However, Putin also seized on Beslan as an impetus to press on with his five-year campaign to reform the Russian federal system as a whole by re-establishing a strong, vertical (centralized) state—a campaign that began with the creation of seven new federal districts and the appointment of presidential plenipotentiaries in 2000. Each of these new federal districts, or “super-regions,” brought together roughly a dozen of Russia’s existing territorial administrative units, and the new district capitals were intended to become regional centers for the subordinate territories. The presidential plenipotentiaries appointed to head each new district were charged with ensuring that the regional leaders below them complied with federal laws and budgetary policies, developing new social and economic programs, and collecting statistical data for the central government.
Leave of Absence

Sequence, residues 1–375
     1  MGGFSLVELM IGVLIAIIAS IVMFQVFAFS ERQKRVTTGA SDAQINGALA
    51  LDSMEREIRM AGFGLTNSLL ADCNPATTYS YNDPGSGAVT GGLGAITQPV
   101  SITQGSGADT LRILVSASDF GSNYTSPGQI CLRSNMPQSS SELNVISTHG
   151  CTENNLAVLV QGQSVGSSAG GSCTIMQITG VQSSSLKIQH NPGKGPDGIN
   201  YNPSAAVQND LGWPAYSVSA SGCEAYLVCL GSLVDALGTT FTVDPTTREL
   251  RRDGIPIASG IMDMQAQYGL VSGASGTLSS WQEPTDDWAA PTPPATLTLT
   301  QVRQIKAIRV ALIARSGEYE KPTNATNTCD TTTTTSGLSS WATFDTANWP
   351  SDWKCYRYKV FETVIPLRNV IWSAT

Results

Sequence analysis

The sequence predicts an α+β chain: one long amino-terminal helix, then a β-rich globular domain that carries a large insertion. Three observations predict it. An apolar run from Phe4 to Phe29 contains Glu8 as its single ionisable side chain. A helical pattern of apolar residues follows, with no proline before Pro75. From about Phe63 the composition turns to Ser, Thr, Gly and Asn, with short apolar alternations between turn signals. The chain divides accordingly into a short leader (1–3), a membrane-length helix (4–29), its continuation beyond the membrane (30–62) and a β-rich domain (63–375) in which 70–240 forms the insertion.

Putin hoped the new districts would increase the regions’ political economic and connections with Moscow and inject new efficiency into the administrative system. His announcement on September 13, 2004 that gubernatorial elections in all of Russia’s regions would now be replaced by the direct appointment of their governors by Moscow (subject to nominal approval by local parliaments) became the next step in this process of centralization. The proposal was approved by the Russian Duma and signed into law by President Putin on December 12, 2004, despite considerable criticism abroad for curbing regional autonomy and seeming to roll back democratic gains of the 1990s. The changes were also denounced as having little to do with the problems revealed in Beslan.